Who is impacted by change?

By: babette09

May 30 2010

Category: Uncategorized

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… And…What are their characteristics and how do we use our understanding of them to best implement change?

I am not sure which type of change we’re talking about, so I’ll just wing it, going by the book Drive by Daniel Pink. In it he discusses how businesses can change for the better by listening to employees’ real needs, and motivating them with a different set of rewards than most companies are used to handing out for a job well done. So let’s say a company decides to change the company work structure, as described in one section of the book. Instead of clocking in and out every day in a building and giving eight hours to get results in their project timelines, employees are given a chance to work in a different fashion. They’re allowed to work their own hours, their own way, at home if they’d like or in an office setting if they prefer.  The hours they work really don’t matter. What matters is that they accomplish what they should be doing each week.

People react differently to changes in their given levels of autonomy. The impact of this change to someone who wasn’t expecting it can differ drastically. For a majority of people the change will be positive, even if it was at first a shock and perceived negatively. Once they’re used to the idea that it’s a positive idea that will benefit their lifestyles they’ll usually settle in well and excel in their job roles. A few cannot get used to the switch, and may leave to find a more traditional position. Their learned behaviors get the best of them, and they return to the traditional manner of work.

I keep thinking of the movie ‘Dead Man’, where Johnny Depp’s character goes to a small town in Oregon and tries to get a job as an accountant in a factory there. The image you see in this week’s post is of Robert Mitchum as the factory owner, who doesn’t remember hiring him. As a result, he lowers a gun on Depp when he steps into Mitchum’s office.  I tried to find an image of the actual office, which was a dismal row of desks headed up by a team leader whose job is to ensure everyone is working the entire time they’re in the office. I couldn’t find one, unfortunately, so this shot is metaphorically close.  ;- )

This type of setup has been institutionalized into companies all over the world. It has only been in the last 20 years or so that this situation has changed. I have been lucky enough to be part of this revolutionary but oh-so-necessary change in  work styles. I have worked remotely for most of the last 15 years. Having this autonomy to complete my work relieves me of so many draining burdens that so many people still endure: having to sit through rush-hour traffic each day, dressing up for work, not being in the comfort of their own homes surrounded by pets and not being able to eat a lunch of their own choosing, whenever they decide to do so.  I start each day by either going to the gym before work or watering plants in the back yard with my dog, and maybe taking him for a walk before I begin. I would never have time to do any of this if I had to slog through Chicago’s horrendous traffic (second only to Los Angeles in severity and time spent on the road). In addition I’m happier knowing I work for people who trust my judgment of time to get my projects done in my own time.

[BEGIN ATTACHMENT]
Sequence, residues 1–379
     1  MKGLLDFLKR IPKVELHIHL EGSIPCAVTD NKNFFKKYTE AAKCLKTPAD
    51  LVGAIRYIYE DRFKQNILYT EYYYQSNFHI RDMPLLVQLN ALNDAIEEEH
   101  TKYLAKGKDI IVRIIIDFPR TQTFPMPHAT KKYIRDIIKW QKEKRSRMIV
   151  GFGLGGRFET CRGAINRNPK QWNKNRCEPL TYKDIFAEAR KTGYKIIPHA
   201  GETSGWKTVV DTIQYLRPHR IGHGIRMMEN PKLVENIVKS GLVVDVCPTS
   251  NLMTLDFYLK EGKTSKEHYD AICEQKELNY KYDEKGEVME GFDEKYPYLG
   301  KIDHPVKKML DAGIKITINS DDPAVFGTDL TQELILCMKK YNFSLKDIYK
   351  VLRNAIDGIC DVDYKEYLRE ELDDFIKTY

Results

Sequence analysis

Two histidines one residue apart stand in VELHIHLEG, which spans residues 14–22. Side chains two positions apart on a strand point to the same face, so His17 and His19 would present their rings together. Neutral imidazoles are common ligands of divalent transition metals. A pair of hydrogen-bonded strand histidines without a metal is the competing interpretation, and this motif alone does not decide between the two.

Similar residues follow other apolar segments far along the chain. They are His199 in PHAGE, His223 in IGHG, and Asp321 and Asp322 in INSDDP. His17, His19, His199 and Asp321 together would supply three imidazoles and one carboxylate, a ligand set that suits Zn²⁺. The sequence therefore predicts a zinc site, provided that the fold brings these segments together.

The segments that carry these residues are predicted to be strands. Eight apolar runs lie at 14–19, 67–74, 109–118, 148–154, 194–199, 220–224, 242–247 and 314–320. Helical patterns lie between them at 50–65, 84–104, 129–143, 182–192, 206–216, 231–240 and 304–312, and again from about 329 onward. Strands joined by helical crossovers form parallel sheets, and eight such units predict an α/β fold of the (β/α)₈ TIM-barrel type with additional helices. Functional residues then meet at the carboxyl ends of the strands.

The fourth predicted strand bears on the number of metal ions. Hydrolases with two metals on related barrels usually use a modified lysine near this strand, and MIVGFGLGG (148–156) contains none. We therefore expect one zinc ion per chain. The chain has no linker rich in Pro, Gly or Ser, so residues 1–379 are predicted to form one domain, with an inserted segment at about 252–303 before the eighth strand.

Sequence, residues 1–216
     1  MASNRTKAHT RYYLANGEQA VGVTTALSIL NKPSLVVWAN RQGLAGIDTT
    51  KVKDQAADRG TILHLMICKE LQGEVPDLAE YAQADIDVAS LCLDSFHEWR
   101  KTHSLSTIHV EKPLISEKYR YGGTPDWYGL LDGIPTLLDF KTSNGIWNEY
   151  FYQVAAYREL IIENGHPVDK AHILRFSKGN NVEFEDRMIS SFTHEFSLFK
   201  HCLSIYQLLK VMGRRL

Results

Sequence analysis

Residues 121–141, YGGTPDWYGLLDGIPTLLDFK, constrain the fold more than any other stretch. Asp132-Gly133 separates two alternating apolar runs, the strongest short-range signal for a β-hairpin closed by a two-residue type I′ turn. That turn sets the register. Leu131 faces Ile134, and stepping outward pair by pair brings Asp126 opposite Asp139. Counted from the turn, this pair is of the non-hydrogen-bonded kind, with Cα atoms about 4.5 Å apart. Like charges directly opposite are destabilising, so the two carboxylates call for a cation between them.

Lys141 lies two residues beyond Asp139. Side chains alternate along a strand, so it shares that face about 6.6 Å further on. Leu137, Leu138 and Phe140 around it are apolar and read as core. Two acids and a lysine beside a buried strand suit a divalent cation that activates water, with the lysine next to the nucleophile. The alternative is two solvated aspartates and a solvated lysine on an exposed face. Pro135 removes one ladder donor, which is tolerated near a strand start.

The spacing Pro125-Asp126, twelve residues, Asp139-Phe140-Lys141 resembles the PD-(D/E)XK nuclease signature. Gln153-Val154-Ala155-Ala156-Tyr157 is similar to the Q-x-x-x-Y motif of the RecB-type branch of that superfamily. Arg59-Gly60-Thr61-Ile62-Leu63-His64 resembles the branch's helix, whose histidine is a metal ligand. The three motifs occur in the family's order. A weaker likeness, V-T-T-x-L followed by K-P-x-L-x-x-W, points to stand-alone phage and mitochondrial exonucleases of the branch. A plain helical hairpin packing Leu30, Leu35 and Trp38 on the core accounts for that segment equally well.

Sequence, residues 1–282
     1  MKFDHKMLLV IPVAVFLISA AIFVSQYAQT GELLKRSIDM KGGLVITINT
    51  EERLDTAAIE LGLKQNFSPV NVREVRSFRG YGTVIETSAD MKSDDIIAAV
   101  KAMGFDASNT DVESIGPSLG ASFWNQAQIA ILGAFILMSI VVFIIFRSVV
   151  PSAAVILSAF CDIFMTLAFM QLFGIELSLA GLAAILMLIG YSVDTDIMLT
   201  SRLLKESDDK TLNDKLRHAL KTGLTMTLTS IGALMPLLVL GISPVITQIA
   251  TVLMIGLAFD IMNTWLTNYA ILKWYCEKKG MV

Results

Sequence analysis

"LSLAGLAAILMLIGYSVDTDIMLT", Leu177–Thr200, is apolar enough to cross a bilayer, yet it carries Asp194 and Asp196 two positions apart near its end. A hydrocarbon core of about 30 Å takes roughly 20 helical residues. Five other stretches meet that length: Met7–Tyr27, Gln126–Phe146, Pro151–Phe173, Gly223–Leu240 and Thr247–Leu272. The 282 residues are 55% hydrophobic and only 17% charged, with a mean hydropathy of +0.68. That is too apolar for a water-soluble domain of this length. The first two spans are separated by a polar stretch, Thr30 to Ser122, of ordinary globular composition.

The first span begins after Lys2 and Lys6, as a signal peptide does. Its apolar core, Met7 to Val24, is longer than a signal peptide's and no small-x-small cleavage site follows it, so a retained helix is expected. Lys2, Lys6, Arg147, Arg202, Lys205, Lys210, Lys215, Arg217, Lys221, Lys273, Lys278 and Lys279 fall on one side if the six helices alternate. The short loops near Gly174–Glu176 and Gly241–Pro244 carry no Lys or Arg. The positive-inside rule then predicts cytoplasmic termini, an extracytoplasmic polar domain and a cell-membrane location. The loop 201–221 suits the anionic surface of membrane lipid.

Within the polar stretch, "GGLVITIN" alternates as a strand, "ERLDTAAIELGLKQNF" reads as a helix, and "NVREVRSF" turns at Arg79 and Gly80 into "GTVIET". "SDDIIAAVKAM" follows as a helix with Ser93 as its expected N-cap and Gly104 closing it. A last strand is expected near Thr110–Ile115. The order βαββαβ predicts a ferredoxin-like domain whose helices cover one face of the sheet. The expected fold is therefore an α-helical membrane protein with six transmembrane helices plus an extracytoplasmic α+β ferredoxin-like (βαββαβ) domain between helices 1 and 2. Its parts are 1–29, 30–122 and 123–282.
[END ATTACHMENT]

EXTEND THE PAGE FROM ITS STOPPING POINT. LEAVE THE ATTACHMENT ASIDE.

This doesn’t mean I’m as autonomous as the people in Pink’s book. I have to work a normal day, more or less, and be available to people on a loose 9-to-5 schedule. But if I need to run off and get a quick task done during the day, I can tack time on to the end of the day, or the next day, to make up for it. It’s not ideal, but it’s closer than I could get elsewhere. As Pink alludes to, I have turned down jobs that paid more because they did not offer this level of autonomy. It’s worth it to me to find the more exclusive projects that allow for humane treatment.  ;- )

So who is impacted by change in my situation? Of course I am, but I’ve already described the positive ways in which I interpret this change. My employers, who change several times a year, are also impacted positively. They don’t have to worry about me coming into their building and taking up space, parking lot space and their time as they try to manage other projects like mine. In addition we can all be happy knowing the environment is constructively impacted. The environment gets a break since I’m not driving anywhere to meet an unrealistic time schedule that benefits no one.

I can help myself implement the change by knowing my own shortcomings and meeting them head-on to avoid disaster. I take notes each day so that I have goals to meet, aside from my project goals. This helps a great deal, as I might otherwise screw around too much and not accomplish what I need to do.

I help my project managers by keeping them informed of my progress, and letting them know if I hit any roadblocks, such as not being able to communicate with my subject matter experts (with whom I work in most projects). They’re aware that I am making headway, relieving them of the burden of having to hunt me down or keep track of my due dates. Knowing the personality traits of my project managers (Type I or X, for instance) can also be beneficial. If I have a skittish Type X, I can deliver news in a different way than if I have a mild-mannered Type I as a project manager. Knowing personalities  is just as important as knowing due dates and other expected goals.


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